Weekly newspaper of Three Rivers, California, and Sequoia-Kings Canyon National Parks

In October 2013, barriers blocked entry to Sequoia National Park when a budge impasse caused the federal government to cease operations due to lack of funding.

Government shutdown looms

National parks will cease visitor services if spending not approved by December 21
Sarah Elliott


With cameras rolling, President Donald Trump had a contentious meeting Tuesday with the top two Democrats in Congress as he sought a deal over his proposal to build a wall at the Mexico border and threatening a government shutdown if his demand wasn’t honored. Trump,
Senate Minority Leader Chuck Schumer, and House Minority Leader Nancy Pelosi have until Friday, Dec. 21, to resolve their differences or a partial government closure will occur. 
Currently, the Democrats are willing to offer funding for border "fencing," rather than a wall, and say a failure to agree would lead to what Schumer and Pelosi have already labeled a “Trump shutdown.”
On Tuesday, the president tweeted at 7:30 a.m. (EST): "People do not yet realize how much of the Wall, including really effective renovation, has already been built. If the Democrats do not give us the votes to secure our Country, the Military will build the remaining sections of the Wall. They know how important it is!"
This political posturing on both sides could once again make a direct hit on the Three Rivers economy, which depends on tourism, if a compromise isn't reached to fund federal programs.
If the federal government initiates a shutdown, it will affect the National Park Service and its local operations. This means that the period leading up to the Christmas and New Year holidays, typically a holly, jolly time for visitation in Sequoia and Kings Canyon National Parks, could be
instead more like an experience from the Grinch Who Stole Christmas.
Although many programs are exempt, Three Rivers is likely to feel the impact of a shutdown. National parks were closed to the public for 16 days in October 2013. 
That year, millions of visitors to more than 400 parks, national monuments, and other sites were turned away. The National Park Service estimated that the shutdown led to over half a billion dollars in lost visitor spending nationwide.
In December 2017, the National Park Service completed a contingency plan that will take effect in the absence of appropriations. This plan no longer includes turning visitors away at park entrances.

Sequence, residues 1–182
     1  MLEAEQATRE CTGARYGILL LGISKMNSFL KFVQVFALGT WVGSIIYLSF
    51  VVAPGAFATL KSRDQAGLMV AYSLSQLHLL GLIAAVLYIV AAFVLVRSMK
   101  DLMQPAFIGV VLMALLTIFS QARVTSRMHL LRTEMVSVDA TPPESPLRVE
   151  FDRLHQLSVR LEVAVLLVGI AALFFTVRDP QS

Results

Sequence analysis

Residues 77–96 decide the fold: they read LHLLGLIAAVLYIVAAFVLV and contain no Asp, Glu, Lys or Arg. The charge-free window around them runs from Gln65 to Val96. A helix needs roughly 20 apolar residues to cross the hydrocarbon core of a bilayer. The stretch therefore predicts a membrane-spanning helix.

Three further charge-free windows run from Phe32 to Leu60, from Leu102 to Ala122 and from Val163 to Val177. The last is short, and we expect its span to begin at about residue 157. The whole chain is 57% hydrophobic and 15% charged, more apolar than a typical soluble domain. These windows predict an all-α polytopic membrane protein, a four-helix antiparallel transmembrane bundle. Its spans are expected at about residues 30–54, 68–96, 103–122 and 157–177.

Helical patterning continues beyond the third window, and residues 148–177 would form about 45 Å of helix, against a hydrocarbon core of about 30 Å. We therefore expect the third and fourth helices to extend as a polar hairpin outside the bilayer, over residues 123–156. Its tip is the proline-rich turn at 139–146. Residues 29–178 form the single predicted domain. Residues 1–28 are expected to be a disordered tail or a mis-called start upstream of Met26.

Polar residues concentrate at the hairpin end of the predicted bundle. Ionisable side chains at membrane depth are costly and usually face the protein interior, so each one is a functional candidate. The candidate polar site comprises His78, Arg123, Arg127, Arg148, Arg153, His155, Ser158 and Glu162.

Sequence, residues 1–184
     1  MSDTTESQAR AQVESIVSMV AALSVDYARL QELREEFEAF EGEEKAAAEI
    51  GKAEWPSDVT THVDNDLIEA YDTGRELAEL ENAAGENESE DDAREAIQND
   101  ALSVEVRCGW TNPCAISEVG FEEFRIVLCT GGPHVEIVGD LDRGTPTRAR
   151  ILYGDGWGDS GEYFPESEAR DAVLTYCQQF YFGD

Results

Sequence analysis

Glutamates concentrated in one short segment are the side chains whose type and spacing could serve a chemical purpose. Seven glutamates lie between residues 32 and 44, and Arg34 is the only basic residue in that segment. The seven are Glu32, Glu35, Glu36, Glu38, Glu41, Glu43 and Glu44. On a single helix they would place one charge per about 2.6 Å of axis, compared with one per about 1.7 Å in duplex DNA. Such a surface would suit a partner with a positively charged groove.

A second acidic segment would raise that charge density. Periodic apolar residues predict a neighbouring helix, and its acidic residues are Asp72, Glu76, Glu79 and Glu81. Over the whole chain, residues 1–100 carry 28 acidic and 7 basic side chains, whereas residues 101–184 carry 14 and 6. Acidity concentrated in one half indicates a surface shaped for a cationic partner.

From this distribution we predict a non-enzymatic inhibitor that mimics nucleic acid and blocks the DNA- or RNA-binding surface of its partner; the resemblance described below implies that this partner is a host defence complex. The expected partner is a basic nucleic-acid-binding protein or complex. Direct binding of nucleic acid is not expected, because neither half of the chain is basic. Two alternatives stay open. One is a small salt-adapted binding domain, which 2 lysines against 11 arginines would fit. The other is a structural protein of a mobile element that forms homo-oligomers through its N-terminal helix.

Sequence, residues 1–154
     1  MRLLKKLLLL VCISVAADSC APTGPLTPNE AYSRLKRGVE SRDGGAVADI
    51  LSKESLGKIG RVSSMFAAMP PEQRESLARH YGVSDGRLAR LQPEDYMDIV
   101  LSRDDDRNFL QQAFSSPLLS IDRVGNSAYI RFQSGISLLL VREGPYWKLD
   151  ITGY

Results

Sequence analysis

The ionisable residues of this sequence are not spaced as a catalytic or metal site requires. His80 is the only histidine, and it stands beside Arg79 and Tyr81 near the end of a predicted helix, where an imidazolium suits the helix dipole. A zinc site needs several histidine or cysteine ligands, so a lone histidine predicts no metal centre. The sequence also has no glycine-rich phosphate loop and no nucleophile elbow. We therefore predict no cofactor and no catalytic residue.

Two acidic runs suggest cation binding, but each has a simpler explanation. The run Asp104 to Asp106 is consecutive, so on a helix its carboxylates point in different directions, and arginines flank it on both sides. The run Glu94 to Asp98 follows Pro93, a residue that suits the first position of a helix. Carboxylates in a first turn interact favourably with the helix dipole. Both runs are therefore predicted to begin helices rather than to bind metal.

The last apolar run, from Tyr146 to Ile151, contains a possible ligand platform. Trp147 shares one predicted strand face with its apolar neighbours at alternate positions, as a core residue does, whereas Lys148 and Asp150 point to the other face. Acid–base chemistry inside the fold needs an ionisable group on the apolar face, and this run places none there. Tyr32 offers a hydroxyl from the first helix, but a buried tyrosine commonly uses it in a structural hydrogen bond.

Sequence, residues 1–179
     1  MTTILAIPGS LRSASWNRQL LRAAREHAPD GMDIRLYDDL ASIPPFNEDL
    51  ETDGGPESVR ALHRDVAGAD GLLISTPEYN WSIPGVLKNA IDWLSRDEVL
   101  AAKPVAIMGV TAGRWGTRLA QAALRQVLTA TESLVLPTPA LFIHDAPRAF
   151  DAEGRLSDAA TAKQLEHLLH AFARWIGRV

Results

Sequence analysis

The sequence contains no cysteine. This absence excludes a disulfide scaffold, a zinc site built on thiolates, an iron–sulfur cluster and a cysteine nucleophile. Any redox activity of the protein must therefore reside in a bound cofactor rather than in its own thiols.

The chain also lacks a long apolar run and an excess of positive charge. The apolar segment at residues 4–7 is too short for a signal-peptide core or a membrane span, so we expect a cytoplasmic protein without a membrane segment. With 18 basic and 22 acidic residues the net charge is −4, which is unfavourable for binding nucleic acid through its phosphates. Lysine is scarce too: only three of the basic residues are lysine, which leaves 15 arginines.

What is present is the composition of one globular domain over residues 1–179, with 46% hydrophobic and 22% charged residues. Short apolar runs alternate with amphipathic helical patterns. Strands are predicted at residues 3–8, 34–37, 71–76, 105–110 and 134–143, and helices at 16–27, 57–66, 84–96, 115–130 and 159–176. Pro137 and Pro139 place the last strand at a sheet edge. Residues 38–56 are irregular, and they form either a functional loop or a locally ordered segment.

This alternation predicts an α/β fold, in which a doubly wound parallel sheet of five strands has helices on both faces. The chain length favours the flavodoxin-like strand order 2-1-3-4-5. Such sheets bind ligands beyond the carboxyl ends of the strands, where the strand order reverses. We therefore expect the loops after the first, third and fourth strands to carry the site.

In the event of a government shutdown, there will be personnel retained to respond to emergencies involving the safety of human life or the protection of property, of course, and the parks should remain accessible — roads, trails, and outdoor visitor attractions. However,  visitors will
be notified that the NPS will cease visitor services, including restrooms, trash collection, facilities and roads maintenance (including plowing), campground reservation services, and information centers.
Here’s why this is happening: The fiscal year began September 30, and Congress has passed five of 12 appropriations bills that set spending levels. Lawmakers had until December 7 to pass legislation to fund other federal programs to avoid a partial shutdown of the federal government. 
One day before the deadline, President Trump signed a continuing resolution to keep the government running for two more weeks, through December 21, due to the death of George H.W. Bush and his memorial service at the National Cathedral in Washington, D.C., that week. 
What to watch for this week: Spending bills need to be passed this week or a continuing resolution approved to avoid a Christmas shutdown of the national parks. Agencies that will close due to lack of funding include the Department of the Interior, as well as the Departments of
Homeland Security, Agriculture (U.S. Forest Service), Commerce, Justice, State, Transportation, and Housing and Urban Development.